Carotid endarterectomy (CEA) is associated with substantial consumption of hospital days and other resources. Although surgical outcomes in their practice compared favorably with published benchmarks, the authors were concerned that postoperative stays were unnecessarily long and that patients were receiving unnecessary tests and pharmaceuticals. Recent studies suggest that within the bounds of safe practice, efforts to standardize care may increase quality and patient satisfaction and reduce consumption of resources. They examined their practice of CEA in an effort to discover the potential for quality improvement and decreased utilization of resources. A CEA critical pathway (CP) was designed, the primary goal of which was elimination of a possibly unnecessary second postoperative hospital day for most patients and superfluous perioperative testing and medications. Data were recorded prospectively both for Pre-CP patients during the year prior to CP initiation and for subsequent CP patients during the subsequent 13-month period. CP patients were interviewed and the pathway was described prior to surgery. Pre-CP and CP patients were indistinguishable with respect to indications for CEA and medical comorbidities. A single operative death occurred due to myocardial infarction (Pre-CP). Perioperative stroke and other complications occurred in similar numbers of Pre-CP and CP patients. CP resulted in a 0.5-day decrease in hospital stay overall. CP was also associated with a 22% decrease in direct costs. One early readmission for neck hematoma on postoperative day 2 (1 day postdischarge) might have been preventable. A second readmission on postoperative day 2 was secondary to a drug reaction and would likely have occurred prior to initiation of the CP as well. CP resulted in significant decreases in resource utilization and with the possible exception of a single readmission did not appear to adversely affect outcome. Preoperative education and expectation that patients will be ready for discharge 1 day after CEA are critical to patient acceptance and satisfaction. Further modification of the CP may further decrease utilization of resources. CP is an excellent mechanism to understand how surgeons practice and it facilitates quality improvement.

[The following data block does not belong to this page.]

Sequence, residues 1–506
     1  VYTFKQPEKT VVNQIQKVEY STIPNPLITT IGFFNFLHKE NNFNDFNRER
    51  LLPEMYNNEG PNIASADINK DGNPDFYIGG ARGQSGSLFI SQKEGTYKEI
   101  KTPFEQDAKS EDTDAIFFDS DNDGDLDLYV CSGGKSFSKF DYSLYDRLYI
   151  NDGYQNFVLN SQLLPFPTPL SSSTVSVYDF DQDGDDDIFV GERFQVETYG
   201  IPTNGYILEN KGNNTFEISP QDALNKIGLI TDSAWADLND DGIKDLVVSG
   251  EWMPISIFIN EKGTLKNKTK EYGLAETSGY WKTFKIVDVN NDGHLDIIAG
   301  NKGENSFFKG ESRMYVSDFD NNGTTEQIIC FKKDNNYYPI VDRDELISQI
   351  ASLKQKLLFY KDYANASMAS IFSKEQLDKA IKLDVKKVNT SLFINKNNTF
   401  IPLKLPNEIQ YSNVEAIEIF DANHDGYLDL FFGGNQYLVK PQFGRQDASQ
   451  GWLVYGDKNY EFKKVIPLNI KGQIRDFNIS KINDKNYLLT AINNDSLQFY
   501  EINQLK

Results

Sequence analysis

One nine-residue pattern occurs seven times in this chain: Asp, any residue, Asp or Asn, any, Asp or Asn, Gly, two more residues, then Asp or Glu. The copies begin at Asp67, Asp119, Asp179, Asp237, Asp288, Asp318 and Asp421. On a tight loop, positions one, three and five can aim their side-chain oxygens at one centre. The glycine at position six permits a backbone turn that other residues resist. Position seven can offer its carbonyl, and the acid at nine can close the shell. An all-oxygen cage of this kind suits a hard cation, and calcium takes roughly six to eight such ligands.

ASJC Scopus subject areas
- Cardiology and Cardiovascular Medicine